Big data applications are memory-intensive, and the cost of bringing data from the memory to the processor involves large overheads in energy and processing time. This has driven the push towards specialized accelerator units that can perform computations close to where the data is stored. Two approaches have been proposed: near-memory computing places computational units at the periphery of memory for fast data access. true in-memory computing uses the memory array to perform computations through simple reconfigurations. Although there has been a great deal of recent interest in the area of in-memory computing, most solutions that are purported to fall into this class are really near-memory processors that perform computation near the edge of memory arrays/subarrays rather than inside it.We discuss a true in-memory computation platform in this presentation, the Computational Random Access Memory (CRAM). The CRAM enables this capability by making a small modification to a standard spintronics-based memory array. The CRAM-based approach is digital, unlike prior analog-like in-memory/near-memory solutions, which provides more robustness to process variations, particularly in immature technologies than analog schemes. Our solution is based on spintronics technology, which is attractive because of its robustness, high endurance, and its trajectory towards fast improvement [2, 4]. The outline of the CRAM approach was first proposed in , operating primarily at the technology level with some expositions at the circuit level. The work was developed further to show system-level applications and performance estimations in  based on a spin-transfer-torque (STT) magnetic tunnel junction (MTJ). Next, in , a bridge was built between the two to provide an explicit link between CRAM technology, circuit implementations, and operation scheduling. Most recently, in , a redesigned CRAM was designed around a new MTJ based on the spin-Hall effect (SHE), providing greatly improved energy efficiency. This talk provides an overview of several years of effort in developing the CRAM concept and surveys all of these efforts. The presentation covers alternatives at the technology level, followed by a description of how the in-memory computing array is designed, using the basic MTJ unit and some switches, to function both as a memory and a computational unit. This array is then used to build gates and arithmetic units by appropriately interconnecting memory cells, allowing high degrees of parallelism. Next, we show how complex arithmetic operations can be performed through appropriate scheduling (for adders, multipliers, dot products) and data placement of the operands. Finally, we demonstrate how this approach can be used to implement sample applications, such as neuromorphic inference engine and a 2D convolution, presenting results that benchmark the performance of these CRAMs against near-memory computation platforms. The performance gains can be atrributed to (a) highly efficient local processing within the memory, and (b) high levels of parallelism in rows of the memory.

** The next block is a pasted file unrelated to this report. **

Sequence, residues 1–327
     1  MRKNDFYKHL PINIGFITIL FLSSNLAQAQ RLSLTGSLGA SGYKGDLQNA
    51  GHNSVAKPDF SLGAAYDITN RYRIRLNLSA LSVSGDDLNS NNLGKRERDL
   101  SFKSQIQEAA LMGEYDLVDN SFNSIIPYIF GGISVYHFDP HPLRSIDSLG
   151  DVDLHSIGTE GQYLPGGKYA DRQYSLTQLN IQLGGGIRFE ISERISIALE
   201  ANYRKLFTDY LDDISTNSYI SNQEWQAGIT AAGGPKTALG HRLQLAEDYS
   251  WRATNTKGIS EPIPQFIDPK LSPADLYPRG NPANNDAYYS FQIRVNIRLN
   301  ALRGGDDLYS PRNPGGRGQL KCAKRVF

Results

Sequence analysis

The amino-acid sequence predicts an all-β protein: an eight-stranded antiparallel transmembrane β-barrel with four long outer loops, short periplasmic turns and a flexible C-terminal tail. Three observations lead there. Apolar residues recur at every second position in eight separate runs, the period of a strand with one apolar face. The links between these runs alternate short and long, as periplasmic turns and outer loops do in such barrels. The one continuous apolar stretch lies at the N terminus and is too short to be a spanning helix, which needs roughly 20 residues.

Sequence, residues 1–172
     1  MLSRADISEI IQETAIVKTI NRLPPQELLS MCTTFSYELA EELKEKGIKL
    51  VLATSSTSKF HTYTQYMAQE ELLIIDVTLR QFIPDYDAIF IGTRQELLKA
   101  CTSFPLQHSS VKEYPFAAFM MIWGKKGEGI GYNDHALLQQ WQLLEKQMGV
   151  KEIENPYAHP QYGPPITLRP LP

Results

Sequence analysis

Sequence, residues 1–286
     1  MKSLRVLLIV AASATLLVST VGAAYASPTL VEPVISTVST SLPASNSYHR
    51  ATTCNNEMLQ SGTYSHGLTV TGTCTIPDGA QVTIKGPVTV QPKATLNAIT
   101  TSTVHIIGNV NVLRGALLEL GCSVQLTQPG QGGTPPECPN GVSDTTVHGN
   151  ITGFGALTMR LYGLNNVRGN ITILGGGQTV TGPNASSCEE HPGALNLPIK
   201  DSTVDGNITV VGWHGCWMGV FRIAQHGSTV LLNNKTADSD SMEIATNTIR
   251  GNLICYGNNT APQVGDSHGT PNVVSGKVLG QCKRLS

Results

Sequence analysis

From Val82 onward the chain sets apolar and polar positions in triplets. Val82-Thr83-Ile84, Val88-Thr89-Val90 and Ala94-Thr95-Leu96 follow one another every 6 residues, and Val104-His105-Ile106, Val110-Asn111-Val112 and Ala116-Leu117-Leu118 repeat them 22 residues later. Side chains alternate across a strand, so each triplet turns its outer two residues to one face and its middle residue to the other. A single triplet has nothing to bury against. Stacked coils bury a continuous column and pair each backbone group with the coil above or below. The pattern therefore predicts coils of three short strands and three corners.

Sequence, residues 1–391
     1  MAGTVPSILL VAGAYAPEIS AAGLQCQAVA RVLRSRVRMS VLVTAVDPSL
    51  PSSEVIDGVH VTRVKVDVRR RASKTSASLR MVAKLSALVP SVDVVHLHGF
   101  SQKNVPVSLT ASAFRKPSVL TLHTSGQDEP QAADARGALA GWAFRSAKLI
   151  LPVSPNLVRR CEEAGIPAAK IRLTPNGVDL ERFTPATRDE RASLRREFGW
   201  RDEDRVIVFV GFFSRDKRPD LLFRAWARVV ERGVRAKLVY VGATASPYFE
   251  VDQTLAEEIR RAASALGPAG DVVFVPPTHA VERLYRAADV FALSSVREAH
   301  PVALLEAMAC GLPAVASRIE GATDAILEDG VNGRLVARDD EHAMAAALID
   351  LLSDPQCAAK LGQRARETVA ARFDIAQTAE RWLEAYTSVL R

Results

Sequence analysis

|Original language||English (US)|
|Title of host publication||GLSVLSI 2019 - Proceedings of the 2019 Great Lakes Symposium on VLSI|
|Publisher||Association for Computing Machinery|
|Number of pages||1|
|State||Published - May 13 2019|
|Event||29th Great Lakes Symposium on VLSI, GLSVLSI 2019 - Tysons Corner, United States|
Duration: May 9 2019 → May 11 2019
|Name||Proceedings of the ACM Great Lakes Symposium on VLSI, GLSVLSI|
|Conference||29th Great Lakes Symposium on VLSI, GLSVLSI 2019|
|Period||5/9/19 → 5/11/19|
Bibliographical noteFunding Information:
This work was supported in part by the DARPA Non-Volatile Logic program, NSF SPX Award CCF-1725420, and by C-SPIN, one of the six SRC STARnet Centers, sponsored by MARCO and DARPA.
© 2019 ACM.
- In-memory computing
- Memory bottleneck
- Neuromorphic computing
- Nonvolatile memory
- Spin-hall effect